By RACHAEL ANDERSON,
There wasn’t even a whisper, let alone a shout, about gender equality in some schools this International Women’s Day.
Some secondary students voiced their concern at the lack of discussion in school about IWD and its accompanying social issues.
Samantha Bignell, a year 9 student at Highvale Secondary College, said she believed it was important for teachers to address social justice issues and was surprised nothing had been done to recognise IWD at her school this week.
“I think it should be at least mentioned so that everyone knows, because I think a lot of people at school wouldn’t even know that March 8 is International Women’s Day.”
“It’s an important day where we’re able to get a message of support out, especially to all the women who have been sexually harassed or who feel like they’re not as important as men,” she said.
Jacob, a year 12 student at Highvale Secondary College, said he was unaware that March 8 was celebrated as International Women’s Day.
“I don’t think the topic of gender equality is really taught at all in school.”
He said students often felt uncomfortable or inappropriate discussing sensitive issues such as sexual harassment in a classroom setting.
“Studying a subject that looks at social issues such as gender equality, without any filter, in a way in which all opinions could be expressed, would be valuable.”
Aiming to encourage discussion of women’s achievements in classrooms, Penguin Random House last week released Shout Out to the Girls – a book honouring Australian women, from suffragettes to filmmakers.
Zoe Bechara, publicity manager for children’s books at the publisher, said the idea for the book was formed when the all-female publishing team realised the need for a definitive book celebrating Australian women’s achievements.
“There were international versions, but no book showcased the tenacity, the courage and the brilliance of the diverse Aussie women featured in Shout Out to the Girls.”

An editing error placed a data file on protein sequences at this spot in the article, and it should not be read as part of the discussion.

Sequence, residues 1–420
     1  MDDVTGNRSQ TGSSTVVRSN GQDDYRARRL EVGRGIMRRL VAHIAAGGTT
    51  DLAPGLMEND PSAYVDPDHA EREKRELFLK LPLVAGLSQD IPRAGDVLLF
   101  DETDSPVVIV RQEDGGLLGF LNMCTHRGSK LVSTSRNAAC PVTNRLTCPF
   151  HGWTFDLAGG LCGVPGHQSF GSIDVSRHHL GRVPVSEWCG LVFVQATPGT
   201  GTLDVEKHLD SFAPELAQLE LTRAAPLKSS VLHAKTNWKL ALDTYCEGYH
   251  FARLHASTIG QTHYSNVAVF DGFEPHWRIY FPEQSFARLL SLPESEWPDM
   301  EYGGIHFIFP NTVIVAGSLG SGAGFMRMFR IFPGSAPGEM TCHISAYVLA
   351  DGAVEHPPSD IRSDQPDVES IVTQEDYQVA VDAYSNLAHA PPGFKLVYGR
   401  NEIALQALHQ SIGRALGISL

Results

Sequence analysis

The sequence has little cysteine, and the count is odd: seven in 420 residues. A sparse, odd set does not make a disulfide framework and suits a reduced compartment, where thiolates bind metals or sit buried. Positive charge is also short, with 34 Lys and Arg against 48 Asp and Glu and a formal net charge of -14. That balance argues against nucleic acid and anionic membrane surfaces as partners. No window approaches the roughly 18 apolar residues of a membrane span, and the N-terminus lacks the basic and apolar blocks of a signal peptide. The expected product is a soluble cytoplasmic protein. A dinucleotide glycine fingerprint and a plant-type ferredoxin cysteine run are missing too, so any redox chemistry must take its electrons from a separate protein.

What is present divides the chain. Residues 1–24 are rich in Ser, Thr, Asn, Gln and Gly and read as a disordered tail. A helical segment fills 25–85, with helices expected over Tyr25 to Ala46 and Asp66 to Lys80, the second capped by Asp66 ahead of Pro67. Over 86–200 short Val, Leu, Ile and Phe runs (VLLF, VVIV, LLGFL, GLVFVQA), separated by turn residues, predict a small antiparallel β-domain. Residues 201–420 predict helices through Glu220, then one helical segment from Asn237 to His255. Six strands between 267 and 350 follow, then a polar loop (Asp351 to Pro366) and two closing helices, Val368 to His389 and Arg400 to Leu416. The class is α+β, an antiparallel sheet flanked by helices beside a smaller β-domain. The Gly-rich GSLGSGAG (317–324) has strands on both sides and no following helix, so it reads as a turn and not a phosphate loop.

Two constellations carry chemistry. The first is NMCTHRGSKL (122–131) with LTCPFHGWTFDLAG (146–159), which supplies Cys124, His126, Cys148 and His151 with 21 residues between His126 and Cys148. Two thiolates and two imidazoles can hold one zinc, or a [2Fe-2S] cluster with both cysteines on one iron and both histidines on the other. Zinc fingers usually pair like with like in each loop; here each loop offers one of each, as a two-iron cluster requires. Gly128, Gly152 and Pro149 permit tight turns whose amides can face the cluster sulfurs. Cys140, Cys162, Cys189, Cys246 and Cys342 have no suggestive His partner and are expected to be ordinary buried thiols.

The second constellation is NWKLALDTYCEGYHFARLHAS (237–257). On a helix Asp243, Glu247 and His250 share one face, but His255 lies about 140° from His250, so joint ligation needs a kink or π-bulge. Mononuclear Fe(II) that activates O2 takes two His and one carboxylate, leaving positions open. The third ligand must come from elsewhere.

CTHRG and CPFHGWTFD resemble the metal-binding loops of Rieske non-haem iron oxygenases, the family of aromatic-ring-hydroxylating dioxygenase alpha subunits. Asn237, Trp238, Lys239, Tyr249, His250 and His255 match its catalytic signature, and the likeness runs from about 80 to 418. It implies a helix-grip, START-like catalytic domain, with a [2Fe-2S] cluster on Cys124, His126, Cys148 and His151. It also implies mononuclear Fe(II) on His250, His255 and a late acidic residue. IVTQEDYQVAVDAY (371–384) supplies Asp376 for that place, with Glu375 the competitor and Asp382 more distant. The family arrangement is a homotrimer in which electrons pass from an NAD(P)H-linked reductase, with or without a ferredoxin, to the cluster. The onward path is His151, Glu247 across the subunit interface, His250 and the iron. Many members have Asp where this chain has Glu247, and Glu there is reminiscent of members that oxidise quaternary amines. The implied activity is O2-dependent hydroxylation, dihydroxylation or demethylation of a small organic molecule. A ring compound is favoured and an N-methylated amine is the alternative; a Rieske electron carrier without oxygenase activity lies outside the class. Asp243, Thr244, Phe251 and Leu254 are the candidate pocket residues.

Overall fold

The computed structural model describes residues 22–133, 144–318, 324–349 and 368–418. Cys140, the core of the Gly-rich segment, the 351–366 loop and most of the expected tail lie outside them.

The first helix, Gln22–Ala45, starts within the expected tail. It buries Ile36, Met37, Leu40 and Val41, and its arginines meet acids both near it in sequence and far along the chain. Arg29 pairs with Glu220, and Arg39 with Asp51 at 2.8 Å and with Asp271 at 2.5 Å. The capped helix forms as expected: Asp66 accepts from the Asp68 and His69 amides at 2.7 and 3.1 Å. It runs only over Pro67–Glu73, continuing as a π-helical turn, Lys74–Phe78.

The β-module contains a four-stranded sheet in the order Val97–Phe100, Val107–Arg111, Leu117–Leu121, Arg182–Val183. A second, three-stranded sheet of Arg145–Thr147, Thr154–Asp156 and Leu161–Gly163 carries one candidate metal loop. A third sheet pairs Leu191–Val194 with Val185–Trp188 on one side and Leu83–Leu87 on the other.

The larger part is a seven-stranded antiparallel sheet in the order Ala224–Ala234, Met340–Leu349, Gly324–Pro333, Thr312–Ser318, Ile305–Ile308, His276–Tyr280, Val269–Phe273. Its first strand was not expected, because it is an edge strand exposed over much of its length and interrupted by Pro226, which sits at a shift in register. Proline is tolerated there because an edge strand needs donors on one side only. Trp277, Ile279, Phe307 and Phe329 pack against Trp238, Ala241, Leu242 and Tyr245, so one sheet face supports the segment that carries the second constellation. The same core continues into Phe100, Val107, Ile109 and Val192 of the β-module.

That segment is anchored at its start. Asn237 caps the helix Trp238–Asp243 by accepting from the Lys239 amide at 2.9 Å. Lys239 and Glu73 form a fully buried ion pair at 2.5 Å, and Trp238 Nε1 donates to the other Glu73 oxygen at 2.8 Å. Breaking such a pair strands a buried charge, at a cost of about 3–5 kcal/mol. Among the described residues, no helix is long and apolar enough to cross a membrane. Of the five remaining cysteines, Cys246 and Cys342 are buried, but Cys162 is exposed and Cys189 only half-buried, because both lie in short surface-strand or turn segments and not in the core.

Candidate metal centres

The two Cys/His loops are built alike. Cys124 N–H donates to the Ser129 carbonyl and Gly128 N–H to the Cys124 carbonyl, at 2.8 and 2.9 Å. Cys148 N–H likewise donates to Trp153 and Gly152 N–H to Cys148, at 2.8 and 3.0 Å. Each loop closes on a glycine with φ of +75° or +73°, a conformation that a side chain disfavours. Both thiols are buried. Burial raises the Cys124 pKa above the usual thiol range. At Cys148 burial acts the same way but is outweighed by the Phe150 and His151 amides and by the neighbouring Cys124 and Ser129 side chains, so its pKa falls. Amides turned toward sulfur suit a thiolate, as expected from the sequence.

Penguin also produced teaching resources based on the book which are available for teachers to use in conjunction with the text. The lesson plans outlined are designed to encourage conversation about feminism and women’s rights.
Waverley Christian College English and Media teacher Belinda Lynch said her students were very aware of International Women’s Day and its significance in the fight for these rights.
“Our school has been celebrating International Women’s Day this week with posters around the school of inspirational women … all of them chosen by students.”
Ms Lynch said the role of teachers was a vital element in shaping children’s ideas of social justice.
“With students (and teachers) so engaged with social media, it can sometimes be easy to feel like we are making a change through ‘click activism’, but it’s also important to encourage students to give up some of their time and resources to make a change.”
Monash University senior lecturer in Curriculum and Pedagogy Dr David Zyngier agreed teachers could positively influence the way children considered social issues such as gender inequality.
“It’s all about modelling the practices of social justice and gender equity in our everyday practice as teachers.”